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Targeting Chemokines and Chemokine Receptors in Multiple Sclerosis and Experimental Autoimmune Encephalomyelitis

Authors Dhaiban S, Al-Ani M, Elemam NM, Maghazachi AA

Received 14 July 2020

Accepted for publication 27 August 2020

Published 29 September 2020 Volume 2020:13 Pages 619—633


Checked for plagiarism Yes

Review by Single anonymous peer review

Peer reviewer comments 3

Editor who approved publication: Dr Ning Quan

Sarah Dhaiban, Mena Al-Ani, Noha Mousaad Elemam, Azzam A Maghazachi

College of Medicine and Immuno-Oncology Group, Sharjah Institute for Medical Research, University of Sharjah, Sharjah, United Arab Emirates

Correspondence: Azzam A Maghazachi
Department of Clinical Sciences, College of Medicine, University of Sharjah, Sharjah 27272, United Arab Emirates

Abstract: Multiple sclerosis (MS) is an immune-mediated and neurodegenerative disorder that results in inflammation and demyelination of the central nervous system (CNS). MS symptoms include walking difficulties, visual weakening, as well as learning and memory impairment, thus affecting the quality of the patient’s life. Chemokines and chemokine receptors are expressed on the immune cells as well as the CNS resident cells. Several sets of chemokine receptors and their ligands tend to be pathogenic players in MS, including CCL2, CCL3, CCL4, CCL5, CCL7, CCL8, CCL11, CCL17, CCL19, CCL21, CCL22, CXCL1, CXCL8, CXCL9, CXCL10, CXCL11, and CXCL16. Furthermore, current modulatory drugs that are used in the treatment of MS and its animal model, the experimental autoimmune encephalomyelitis (EAE), affect the expression of several chemokine and chemokine receptors. In this review, we highlight the pathogenic roles of chemokines and their receptors as well as utilizing them as potential therapeutic targets through selective agents, such as specific antibodies and receptor blockers, or indirectly through MS or EAE immunomodulatory drugs.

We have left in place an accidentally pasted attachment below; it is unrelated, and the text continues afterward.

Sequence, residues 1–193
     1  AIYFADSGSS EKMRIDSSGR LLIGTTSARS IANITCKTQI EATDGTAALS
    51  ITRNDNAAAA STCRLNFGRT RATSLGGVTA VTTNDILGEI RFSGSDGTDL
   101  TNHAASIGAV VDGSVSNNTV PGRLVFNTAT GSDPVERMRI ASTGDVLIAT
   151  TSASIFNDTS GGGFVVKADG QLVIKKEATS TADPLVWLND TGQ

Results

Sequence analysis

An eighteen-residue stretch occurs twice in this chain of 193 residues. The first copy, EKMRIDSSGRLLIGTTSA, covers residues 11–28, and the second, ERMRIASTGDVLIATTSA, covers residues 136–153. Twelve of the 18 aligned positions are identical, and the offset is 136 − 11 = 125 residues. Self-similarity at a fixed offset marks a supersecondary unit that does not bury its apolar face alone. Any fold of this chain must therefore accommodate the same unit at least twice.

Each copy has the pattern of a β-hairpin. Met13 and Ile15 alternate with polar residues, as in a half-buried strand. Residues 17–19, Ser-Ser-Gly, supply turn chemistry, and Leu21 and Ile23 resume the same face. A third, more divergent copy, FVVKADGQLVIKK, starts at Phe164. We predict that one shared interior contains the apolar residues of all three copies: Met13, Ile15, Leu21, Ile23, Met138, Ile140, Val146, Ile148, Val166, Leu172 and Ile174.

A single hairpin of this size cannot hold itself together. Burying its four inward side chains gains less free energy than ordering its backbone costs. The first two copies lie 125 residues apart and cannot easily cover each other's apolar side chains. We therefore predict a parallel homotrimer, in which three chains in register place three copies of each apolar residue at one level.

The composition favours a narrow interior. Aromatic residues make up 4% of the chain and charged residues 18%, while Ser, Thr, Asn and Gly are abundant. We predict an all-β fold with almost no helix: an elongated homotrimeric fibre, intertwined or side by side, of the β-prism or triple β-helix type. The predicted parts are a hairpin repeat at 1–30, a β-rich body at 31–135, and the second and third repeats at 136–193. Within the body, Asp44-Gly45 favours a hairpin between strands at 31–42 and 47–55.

Keywords: multiple sclerosis, experimental autoimmune encephalomyelitis, chemokines, chemokine receptors

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